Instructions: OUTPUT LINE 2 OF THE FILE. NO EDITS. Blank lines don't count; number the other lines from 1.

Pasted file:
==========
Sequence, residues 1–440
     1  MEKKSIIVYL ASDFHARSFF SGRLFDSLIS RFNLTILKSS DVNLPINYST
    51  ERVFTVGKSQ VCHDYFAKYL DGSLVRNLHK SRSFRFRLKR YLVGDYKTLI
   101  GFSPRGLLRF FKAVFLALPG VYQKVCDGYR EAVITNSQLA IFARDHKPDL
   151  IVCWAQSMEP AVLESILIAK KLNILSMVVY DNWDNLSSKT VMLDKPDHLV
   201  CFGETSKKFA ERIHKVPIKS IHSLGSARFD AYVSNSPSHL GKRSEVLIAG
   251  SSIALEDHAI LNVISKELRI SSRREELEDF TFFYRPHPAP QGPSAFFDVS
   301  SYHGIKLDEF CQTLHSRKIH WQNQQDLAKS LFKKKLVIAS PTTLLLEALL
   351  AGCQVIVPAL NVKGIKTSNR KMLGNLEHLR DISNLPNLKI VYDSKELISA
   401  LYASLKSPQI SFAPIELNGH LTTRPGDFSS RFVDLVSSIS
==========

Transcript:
     1  MEKKSIIVYL ASDFHARSFF SGRLFDSLIS RFNLTILKSS DVNLPINYST